A newly discovered asteroid designated 2017 SR2 will flyby Earth at a very close distance of 0.24 LD (~92 160 km / 57 265 miles) at 20:29 UTC on September 20, 2017. This is the second known near-Earth asteroid to flyby Earth at a distance of 1 LD today, the third within the past 7 days and the 31st since the start of the year.
Asteroid 2017 SR2 was discovered at Catalina Sky Survey on September 20, 2017, some 12 hours before its expected flyby. It belongs to the Apollo group of asteroids and has an estimated diameter between 5.1 and 11 m (16 and 36 feet).
It will flyby Earth at 20:29 UTC (± 1 minute) at a speed (relative to the Earth) of 9.99 km/s.
This is the 31st known near-Earth asteroid to flyby Earth within 1 LD since the start of the year, the second (after 2017 SM2) today and the third (after 2017 SQ2 and 2017 SM2) within the past 7 days, according to data available at CNEOS on September 20, 2017. You can find them in our Near-Earth Objects category. It might also be interesting to compare what you find there with our reports of all notable bright fireballs around the globe. You can find that in our Meteor Activity category.
The closest one (2017 GM) flew past Earth at just 0.04 LD (~15 360 / 9 544 miles) on April 4. Its estimated diameter is between 2.8 and 6.3 m (9 and 20 feet).
The largest so far was 2017 QP1 with an estimated diameter of 37 to 83 m (121 to 272 feet). It flew past Earth at 0.16 LD (~61 440 km / 38 177 miles) on August 14.
As of September 16, there are 16 675 known near-Earth objects. Of them, 16 569 are near-Earth asteroids. Of the total number of known near-Earth object, we have discovered 1 163 since the start of the year. All of them are asteroids. In 2016, we discovered a total of 1 889 near-Earth objects; 1 comet and 1 888 near-Earth asteroids.
Of the total number (16 569) of near-Earth asteroids discovered by September 16, 2017, 9 006 belong to the Apollo group of asteroids, same as today's 2017 SM2 and SR2. 6 327 belong to the Amor group, 1 220 to Aten group and 16 to Atira group. 157 are Potentially Hazardous Asteroids with diameters roughly 1 km (0.62 miles) and larger. 881 of the total number have diameters roughly 140 m (460 feet) and larger.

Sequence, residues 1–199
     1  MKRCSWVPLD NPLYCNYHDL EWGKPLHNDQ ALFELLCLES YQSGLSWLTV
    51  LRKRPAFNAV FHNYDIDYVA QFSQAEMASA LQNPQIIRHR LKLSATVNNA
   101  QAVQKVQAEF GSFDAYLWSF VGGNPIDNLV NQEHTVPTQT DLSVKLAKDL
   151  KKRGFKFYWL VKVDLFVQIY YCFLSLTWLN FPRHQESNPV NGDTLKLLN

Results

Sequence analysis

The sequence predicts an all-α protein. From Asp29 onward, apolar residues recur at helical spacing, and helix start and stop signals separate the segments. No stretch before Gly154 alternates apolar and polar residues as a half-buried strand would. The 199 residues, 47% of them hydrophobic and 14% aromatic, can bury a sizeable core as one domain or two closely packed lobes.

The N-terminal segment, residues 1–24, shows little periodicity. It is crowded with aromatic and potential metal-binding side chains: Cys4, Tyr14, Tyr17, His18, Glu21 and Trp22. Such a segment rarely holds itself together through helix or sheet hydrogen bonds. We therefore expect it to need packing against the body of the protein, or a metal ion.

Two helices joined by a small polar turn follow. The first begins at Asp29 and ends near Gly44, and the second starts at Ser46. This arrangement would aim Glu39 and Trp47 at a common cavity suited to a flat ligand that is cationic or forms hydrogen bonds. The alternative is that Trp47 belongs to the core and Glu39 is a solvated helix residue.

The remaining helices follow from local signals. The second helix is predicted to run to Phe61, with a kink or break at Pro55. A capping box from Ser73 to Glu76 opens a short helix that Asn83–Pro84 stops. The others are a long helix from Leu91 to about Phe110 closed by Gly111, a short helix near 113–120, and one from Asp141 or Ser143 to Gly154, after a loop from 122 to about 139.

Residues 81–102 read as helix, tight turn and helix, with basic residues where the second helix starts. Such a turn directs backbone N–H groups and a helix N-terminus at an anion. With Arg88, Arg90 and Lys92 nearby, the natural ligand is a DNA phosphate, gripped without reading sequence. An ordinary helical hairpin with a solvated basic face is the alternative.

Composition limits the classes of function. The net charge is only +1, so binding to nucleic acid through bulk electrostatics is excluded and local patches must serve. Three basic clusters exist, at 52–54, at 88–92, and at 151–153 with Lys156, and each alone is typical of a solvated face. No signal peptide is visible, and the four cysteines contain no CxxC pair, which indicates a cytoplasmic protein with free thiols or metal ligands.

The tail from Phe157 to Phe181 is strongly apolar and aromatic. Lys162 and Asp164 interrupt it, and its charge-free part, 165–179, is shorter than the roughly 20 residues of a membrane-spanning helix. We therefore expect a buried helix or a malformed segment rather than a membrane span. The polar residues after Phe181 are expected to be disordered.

For comparison, asteroid that exploded some 29.7 km (18.5 miles) above Russian city of Chelyabinsk at 09:20 YEKT (03:20 UTC) on February 15, 2013, damaging over 3 000 buildings and injuring over 1 500 people (mostly by broken window glass), had an estimated size of approximately 20 m (65 feet). Its light was brighter than the Sun, visible up to 100 km (62 miles) away.
Chelyabinsk asteroid, officially named Chelyabinsk meteorite, was undetected before its atmospheric entry, in part because its radiant was close to the Sun.
Check your speakers. Loud asteroid explosion on video.
In the hours following the visual meteor sighting, a 6-metre (20 feet) wide hole was discovered on Lake Chebarkul's frozen surface and scientists from the Ural Federal University collected 53 samples from around the hole the same day it was discovered.
A large number of small meteorites fell on areas west of Chelyabinsk and local residents and schoolchildren located and picked up some of them, many located in snowdrifts, by following a visible hole that had been left in the outer surface of the snow.
In June 2013, Russian scientists reported that further investigation by magnetic imaging below the location of the ice hole in Lake Chebarkul had identified a 60 cm (2 feet) wide meteorite buried in the mud at the bottom of the lake. Following an operation lasting a number of weeks, it was raised from the bottom on October 16, 2013. With a total mass of 654 kg (1 442 lb), this is the largest found fragment of the Chelyabinsk meteorite.
In November 2013, a video from a security camera was released showing the impact of the fragment at the Chebarkul Lake. From the measured time difference between the shadow generating meteor to the moment of impact, scientists calculated that this meteorite hit the ice at about 225 meters per second, 64 percent of the speed of sound.
This is the first recorded impact of a meteorite on video. You can see it below:
Video shows the first recorded impact of a meteorite. Chelyabinsk, Russia February 15, 2017
Featured image: The green line indicates the object's apparent motion relative to the Earth, and the bright green marks are the object's location at approximately one-hour intervals. The Moon's orbit is gray. The blue arrow points in the direction of Earth's motion and the yellow arrow points toward the Sun. Credit: Minor Planet Center